January 8, 2008
byat 4:01 PM
There has been a recent spate of hand wringing from public editors looking at the commentary on their own websites, despairing the quality of discourse, and generally criticizing the public of bad behavior. (Original articles from Miami Herald, Hartford Courant are no longer up, so I'm pointing to some commentary by Howard Owens. UPDATE: The Hartford Courant Editorial is up here still)
Anonymous commentary takes a beating within many of these editorials, with a lot of smoke but not much light in the way of data around the issues. So I figured it would be interesting to actually run some data on the quality of anonymous posting vs. registered users – as we have optional registration, and enough of both kinds of users to run an interesting sample on the posts that we killed on site.
Methodology and Assumptions
We have an AI based heat language detection based system to auto-moderate the posts prior to their being run, as well as a staff of human moderators which look over user flagged issues and handle complaints. Posts can be killed by either component to the system, and both are counted here.
This looks at one days worth of moderation on our posts. We could probably look to a larger sample, but this is probably a good representative sample
Topix registration requires an email confirmation, like most registration system, but most of the registered users started commenting anonymously, so the percentage of registered users is not comparable to a registration only system. Also, registered users aren’t authenticated to be rela people using their own names (which is representative of most registration systems).
Total posts: 83108 (visible: 78021)
Total by registered users: 22336
Total by non-registered: 60772
Posts killed: 5087
Posts by registered users that got killed: 992
Posts by unregistered users that got killed: 4095
% posts killed (overall): 5.1%
% posts killed (registered users): 4.4%
% posts killed (unregistered): 6.7%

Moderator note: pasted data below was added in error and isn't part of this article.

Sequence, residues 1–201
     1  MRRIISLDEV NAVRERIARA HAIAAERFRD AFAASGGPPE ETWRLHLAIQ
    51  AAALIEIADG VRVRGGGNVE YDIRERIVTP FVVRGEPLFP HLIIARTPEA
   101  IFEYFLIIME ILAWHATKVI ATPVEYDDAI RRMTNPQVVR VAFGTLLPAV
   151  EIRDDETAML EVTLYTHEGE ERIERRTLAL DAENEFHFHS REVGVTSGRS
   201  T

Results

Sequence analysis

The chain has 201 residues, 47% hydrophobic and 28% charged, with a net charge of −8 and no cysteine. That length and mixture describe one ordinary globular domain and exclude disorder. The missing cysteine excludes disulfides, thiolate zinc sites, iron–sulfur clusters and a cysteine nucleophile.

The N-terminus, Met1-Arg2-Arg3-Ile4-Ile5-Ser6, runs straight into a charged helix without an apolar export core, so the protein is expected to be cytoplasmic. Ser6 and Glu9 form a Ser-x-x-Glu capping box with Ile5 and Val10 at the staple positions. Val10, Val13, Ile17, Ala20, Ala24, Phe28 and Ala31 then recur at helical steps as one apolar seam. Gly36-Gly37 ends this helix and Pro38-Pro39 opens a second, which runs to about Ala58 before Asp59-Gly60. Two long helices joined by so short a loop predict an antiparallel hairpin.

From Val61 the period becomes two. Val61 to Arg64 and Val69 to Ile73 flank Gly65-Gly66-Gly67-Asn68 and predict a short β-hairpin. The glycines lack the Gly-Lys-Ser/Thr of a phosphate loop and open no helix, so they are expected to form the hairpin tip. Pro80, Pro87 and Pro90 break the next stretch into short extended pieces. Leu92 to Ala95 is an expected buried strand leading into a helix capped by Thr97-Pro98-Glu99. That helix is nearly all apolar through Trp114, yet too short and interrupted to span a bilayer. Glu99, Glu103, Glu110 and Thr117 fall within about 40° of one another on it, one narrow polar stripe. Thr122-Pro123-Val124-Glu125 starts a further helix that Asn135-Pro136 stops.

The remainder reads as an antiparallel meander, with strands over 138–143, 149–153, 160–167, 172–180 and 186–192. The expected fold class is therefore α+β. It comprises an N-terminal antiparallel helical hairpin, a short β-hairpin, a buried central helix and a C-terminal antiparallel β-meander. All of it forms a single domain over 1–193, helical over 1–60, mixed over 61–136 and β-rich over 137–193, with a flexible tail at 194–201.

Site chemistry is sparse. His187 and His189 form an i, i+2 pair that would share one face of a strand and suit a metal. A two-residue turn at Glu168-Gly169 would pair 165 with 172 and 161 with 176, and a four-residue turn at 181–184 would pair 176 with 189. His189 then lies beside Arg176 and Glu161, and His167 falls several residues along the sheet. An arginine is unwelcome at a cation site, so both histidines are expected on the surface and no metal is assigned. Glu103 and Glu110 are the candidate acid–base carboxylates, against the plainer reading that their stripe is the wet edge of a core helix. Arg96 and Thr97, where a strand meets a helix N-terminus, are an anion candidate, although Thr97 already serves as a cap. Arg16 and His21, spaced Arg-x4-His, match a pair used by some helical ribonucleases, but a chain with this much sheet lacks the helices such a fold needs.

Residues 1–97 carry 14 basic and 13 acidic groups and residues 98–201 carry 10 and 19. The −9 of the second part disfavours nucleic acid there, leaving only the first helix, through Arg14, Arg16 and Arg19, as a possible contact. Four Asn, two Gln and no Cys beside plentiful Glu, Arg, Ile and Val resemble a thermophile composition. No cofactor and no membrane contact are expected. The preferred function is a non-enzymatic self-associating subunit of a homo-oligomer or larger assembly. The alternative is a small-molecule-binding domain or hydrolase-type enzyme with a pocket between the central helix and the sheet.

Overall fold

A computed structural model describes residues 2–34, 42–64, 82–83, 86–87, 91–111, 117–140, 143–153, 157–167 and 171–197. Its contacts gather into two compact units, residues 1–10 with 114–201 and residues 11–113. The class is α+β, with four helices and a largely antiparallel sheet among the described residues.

While anonymous posts have a roughly 50% higher kill rate, they also account for 3X the comment and commenter volume. If one asks, “where are we getting the most acceptable comments from?”, the answer is clearly the non-registered user base. As pointed out above, that there are as many registered users on Topix is partially due to offering anonymous comments
Also, its important to note that the ability to manage “anonymous” commenters and “registered” commenters is equivalent from a moderation standpoint. It’s just as easy to identify someone by their IP address for the most part as it is through a registration system. While a 50% difference is certainly something to look at, it’s not an order of magnitude, and we’re also looking at a grand total of way under 10% of total commentary.
So, Where’s the Love?
You get much more in discourse, than you lose in “extra” banned commentary – so why the gnashing of editorial teeth over this issue? The “anonymous” issue is just a red herring. Really, what these journalists are threatened by is the nature of truly public discourse on the web. These people are not barbarians that appeared one day the net went up.
They’re your audience
Certainly, the editorial policy for the brand should be the decision of the folks that own that brand. That being said, systems that require registration get an order of magnitude less commentary than systems that don’t. If you have a human pre-screening every comment, you are going to spend a lot of money if you get any volume (which means you probably will constrain the volume), and if you do this by proxy by eliminating anonymous comments, what you’re really doing is just limiting the scalability of your system and keeping it small -- and you open yourself open to becoming displaced by someone with a more open editorial policy.
So, you can opt for not wanting to listen to what your audience wants to say, and keep most of them out of your brand. But looking at the numbers, eliminating anonymous comments is only going to limit the number of comments at the end of the day, not dramatically improve the quality of discourse on the web.